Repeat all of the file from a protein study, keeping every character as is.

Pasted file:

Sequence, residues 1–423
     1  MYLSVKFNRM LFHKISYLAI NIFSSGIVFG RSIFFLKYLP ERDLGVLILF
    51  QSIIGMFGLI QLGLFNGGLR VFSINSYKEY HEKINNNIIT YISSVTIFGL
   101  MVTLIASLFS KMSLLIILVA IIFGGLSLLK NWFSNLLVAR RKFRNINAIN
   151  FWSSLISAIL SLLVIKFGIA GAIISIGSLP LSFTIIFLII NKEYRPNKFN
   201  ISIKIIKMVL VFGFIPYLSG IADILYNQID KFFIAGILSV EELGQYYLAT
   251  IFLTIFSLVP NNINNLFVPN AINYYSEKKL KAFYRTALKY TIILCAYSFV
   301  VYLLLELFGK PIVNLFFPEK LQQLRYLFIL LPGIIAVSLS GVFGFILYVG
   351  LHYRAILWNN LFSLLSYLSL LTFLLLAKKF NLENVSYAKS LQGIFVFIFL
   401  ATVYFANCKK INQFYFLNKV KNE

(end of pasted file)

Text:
Sequence, residues 1–423
     1  MYLSVKFNRM LFHKISYLAI NIFSSGIVFG RSIFFLKYLP ERDLGVLILF
    51  QSIIGMFGLI QLGLFNGGLR VFSINSYKEY HEKINNNIIT YISSVTIFGL
   101  MVTLIASLFS KMSLLIILVA IIFGGLSLLK NWFSNLLVAR RKFRNINAIN
   151  FWSSLISAIL SLLVIKFGIA GAIISIGSLP LSFTIIFLII NKEYRPNKFN
   201  ISIKIIKMVL VFGFIPYLSG IADILYNQID KFFIAGILSV EELGQYYLAT
   251  IFLTIFSLVP NNINNLFVPN AINYYSEKKL KAFYRTALKY TIILCAYSFV
   301  VYLLLELFGK PIVNLFFPEK LQQLRYLFIL LPGIIAVSLS GVFGFILYVG
   351  LHYRAILWNN LFSLLSYLSL LTFLLLAKKF NLENVSYAKS LQGIFVFIFL
   401  ATVYFANCKK INQFYFLNKV KNE